A. When giving me a list of charitable contributions for the year many clients will include the cost of raffle tickets, including 50-50s, purchased for the benefit of a church or school. Regardless of who is selling them (i.e. church or charity) 50-50 raffle tickets, or any kind of raffle tickets, are not charitable contributions - they are gambling. To repeat - raffle tickets are not deductible as contributions.
If you are reporting taxable gambling winnings on Line 21 of your Form 1040 - from whatever source (i.e. casinos, racetrack, lottery, raffle, etc) - the cost of raffle tickets are deductible as a gambling expense (to the extent of the winnings reported) as a miscellaneous deduction (deductible in full – not subject to 2% of AGI exclusion) if (and only if) you itemize on Schedule A.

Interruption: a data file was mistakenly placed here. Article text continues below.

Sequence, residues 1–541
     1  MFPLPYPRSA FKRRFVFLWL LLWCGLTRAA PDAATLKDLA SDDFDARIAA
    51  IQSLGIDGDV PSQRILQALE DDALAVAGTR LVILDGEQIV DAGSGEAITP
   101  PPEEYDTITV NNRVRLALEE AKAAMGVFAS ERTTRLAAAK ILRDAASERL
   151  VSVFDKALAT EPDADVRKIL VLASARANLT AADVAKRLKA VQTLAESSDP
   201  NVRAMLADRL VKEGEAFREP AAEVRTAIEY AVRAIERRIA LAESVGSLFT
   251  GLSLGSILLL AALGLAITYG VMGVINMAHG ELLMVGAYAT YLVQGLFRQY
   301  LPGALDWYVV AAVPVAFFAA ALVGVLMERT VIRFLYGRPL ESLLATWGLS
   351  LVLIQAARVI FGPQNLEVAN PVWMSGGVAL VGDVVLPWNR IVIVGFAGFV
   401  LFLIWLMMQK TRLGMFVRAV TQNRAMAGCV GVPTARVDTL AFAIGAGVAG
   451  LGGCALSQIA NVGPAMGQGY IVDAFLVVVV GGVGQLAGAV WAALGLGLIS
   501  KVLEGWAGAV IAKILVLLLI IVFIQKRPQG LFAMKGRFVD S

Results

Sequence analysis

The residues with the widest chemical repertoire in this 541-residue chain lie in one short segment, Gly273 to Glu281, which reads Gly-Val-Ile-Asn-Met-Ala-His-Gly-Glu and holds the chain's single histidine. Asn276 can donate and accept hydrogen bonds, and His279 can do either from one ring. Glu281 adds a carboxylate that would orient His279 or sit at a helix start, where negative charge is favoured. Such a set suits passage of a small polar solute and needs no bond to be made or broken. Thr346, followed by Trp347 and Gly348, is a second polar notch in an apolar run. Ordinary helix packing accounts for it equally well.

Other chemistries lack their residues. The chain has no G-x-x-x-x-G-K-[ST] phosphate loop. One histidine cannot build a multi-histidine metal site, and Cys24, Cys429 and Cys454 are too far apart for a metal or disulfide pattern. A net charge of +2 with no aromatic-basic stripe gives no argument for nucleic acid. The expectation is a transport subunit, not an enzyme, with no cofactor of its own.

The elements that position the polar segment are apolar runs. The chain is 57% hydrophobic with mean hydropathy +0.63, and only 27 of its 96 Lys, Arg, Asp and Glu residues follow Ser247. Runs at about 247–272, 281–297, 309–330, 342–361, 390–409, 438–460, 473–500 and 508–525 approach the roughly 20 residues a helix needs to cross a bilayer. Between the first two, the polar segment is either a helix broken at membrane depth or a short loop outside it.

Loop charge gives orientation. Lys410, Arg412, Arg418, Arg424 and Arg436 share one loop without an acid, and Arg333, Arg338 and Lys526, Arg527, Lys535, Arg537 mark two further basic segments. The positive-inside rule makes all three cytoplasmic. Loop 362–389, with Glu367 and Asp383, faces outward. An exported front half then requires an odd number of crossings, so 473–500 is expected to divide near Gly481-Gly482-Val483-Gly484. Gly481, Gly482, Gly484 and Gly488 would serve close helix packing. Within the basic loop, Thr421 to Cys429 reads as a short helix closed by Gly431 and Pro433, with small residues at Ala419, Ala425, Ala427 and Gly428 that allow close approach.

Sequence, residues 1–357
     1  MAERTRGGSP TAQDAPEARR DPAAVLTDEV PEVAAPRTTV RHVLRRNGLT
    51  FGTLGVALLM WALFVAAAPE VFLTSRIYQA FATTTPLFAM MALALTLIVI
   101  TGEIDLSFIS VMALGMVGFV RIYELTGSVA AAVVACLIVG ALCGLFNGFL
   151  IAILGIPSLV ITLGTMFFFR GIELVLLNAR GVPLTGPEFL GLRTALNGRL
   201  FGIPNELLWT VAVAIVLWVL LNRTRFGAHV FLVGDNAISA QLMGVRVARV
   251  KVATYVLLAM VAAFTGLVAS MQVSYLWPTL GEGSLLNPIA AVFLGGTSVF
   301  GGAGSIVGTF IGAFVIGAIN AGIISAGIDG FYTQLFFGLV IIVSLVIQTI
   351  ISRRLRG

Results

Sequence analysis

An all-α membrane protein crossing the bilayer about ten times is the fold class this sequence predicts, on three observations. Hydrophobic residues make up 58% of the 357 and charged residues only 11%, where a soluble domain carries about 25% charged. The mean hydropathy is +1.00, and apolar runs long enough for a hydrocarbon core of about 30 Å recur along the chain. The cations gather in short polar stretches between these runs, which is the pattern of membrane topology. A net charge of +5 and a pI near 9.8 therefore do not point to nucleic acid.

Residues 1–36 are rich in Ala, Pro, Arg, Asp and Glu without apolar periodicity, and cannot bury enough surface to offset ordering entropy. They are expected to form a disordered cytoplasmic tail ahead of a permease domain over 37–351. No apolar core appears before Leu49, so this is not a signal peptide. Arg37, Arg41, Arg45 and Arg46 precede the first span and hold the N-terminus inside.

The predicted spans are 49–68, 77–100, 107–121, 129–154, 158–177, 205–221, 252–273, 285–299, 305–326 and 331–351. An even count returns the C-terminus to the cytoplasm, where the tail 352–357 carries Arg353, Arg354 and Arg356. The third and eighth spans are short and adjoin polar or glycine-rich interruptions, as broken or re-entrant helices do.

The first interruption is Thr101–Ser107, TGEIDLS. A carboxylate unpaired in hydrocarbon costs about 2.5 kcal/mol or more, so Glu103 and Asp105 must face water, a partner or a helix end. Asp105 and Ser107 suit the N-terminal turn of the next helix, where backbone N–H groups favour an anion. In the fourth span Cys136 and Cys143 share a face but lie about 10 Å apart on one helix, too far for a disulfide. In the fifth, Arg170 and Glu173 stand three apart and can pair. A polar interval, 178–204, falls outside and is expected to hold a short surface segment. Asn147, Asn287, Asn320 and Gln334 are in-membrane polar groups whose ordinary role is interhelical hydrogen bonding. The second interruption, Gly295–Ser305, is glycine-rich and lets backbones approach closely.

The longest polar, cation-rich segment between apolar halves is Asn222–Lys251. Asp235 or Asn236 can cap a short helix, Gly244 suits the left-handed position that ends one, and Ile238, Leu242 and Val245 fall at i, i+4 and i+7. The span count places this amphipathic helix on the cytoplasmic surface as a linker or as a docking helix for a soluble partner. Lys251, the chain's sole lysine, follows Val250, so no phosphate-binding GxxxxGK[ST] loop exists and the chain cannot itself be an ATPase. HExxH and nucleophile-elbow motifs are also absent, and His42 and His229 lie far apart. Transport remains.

The only possible instance in which you could claim a charitable deduction for a raffle ticket is if you purchased a ticket and then donated the ticket itself back to the charity so they could sell it again. In such a situation you would not have any chance of winning the item(s) being raffled.
For the most part the purchase of candy, cookies, etc from a church or charity (most common example being Girl Scout Cookies) is not deductible as a charitable contribution. You are not making a contribution - you are buying something of value for a fair market price.